You can also see our most current investigative piece concerning the Heery saga:

Even an Overseer Needs Oversight

Heeryly Absent

Originally posted on CityStink
June 9, 2013
Augusta, GA
by Lori Tabb Davis
Contributions were made to this article by Al M. Gray, President of Cost Recovery Works, Inc., a provider of Cost Avoidance and Cost Recovery for America’s leading companies, businesses and governments desiring Superior Returns.
The entire hullabaloo over extension of Augusta’s Project Management contract with Heery International involving community liason Butch Gallop, campaign contributions, gifts to county commissioners, and other hysteria, brings one repetitive thought. Where is the oversight over the Heery overseers?
Can I say totally absent? For certain it is stunningly absent.  For now, I brand it Heeryly absent.
When our Augusta Today and Citystink.net team of contributors submitted Georgia Open Records Act requests regarding the Heery contract itself and various contract documents from projects that Heery is and was being paid to manage, control, and supervise for the City of Augusta, we found absurd contradictions with Heery’s role as overseer.
When we looked in the contract and elsewhere for the project procedures manual governing Heery’s performance of the work, we learned that Augusta had none. Our sources told us that an early effort to adopt one was squelched.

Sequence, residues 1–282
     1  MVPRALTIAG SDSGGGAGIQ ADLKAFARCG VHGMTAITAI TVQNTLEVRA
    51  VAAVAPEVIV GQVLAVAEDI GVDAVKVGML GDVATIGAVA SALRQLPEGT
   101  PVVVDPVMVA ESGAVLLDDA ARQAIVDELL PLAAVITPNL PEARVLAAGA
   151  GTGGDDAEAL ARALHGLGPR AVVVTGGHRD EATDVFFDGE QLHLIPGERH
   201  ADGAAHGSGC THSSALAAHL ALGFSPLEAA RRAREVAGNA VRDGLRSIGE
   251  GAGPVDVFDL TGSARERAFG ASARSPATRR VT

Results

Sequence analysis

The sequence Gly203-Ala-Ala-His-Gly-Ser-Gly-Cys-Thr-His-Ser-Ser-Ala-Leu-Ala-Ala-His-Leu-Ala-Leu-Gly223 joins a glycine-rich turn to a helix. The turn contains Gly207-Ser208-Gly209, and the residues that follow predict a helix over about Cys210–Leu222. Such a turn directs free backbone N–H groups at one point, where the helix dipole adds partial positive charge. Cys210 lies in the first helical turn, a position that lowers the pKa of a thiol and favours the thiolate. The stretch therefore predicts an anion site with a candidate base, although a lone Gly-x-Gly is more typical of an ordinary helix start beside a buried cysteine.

1. Because there was no project procedure manual, perhaps that was the reason that there was no job progress photography protocol to provide us with date-stamped color photos, accompanied by delivery and storage details, of the infamous Tee Center Kitchen Equipment, only black and white pictures of boxes in an unidentified, undisclosed location.
  2. Because there was a lack of coordination of design documents for the Tee Center and already-operating Conference Center, perhaps that is why my open records request for the design of the HVAC for the Tee Center and Conference Center dating back to the days when the Marriott was a Radisson was met with a data disk with blank directories from the city. I fault Augusta for that, but if Heery is Augusta’s Program Manager, shouldn’t they make sure old and new documents are better coordinated?
  3. Because it looks like general contract limits on change orders do not appear to carry through to subcontracts, eye-popping amounts of Augusta’s funds could be in jeopardy.
  4. Heery, if I understand correctly, was paid rates up to and exceeding $200 per hour to provide such services!
  5. The new estimated costs Heery wants to extract from Augusta has been presented at an increase of $1.6 million, including a $149,000 increase/ overrun for the Tee Center, a project that was a total disaster from A to Z.
If Heery is kept, at least $350,000 needs to be cut from that 1.6 million dollar number! I think if all aspects of it were examined, the number that could be cut would be triple that.
How about oversight allowed to Augusta to oversee the overseer Heery by their contract? That was Heeryly absent, too.
  1. The contract cost was put on auto-pilot with 4% annual rate escalation built into the original 2004 Contract. This continued until 2011, when Heery billed slightly lower rates and continued to do so into 2013. The 4% escalation remains, with a consumer Price Index adjustment. With inflation likely to pick up, who knows what the rates will be with compounding like Augusta has seen.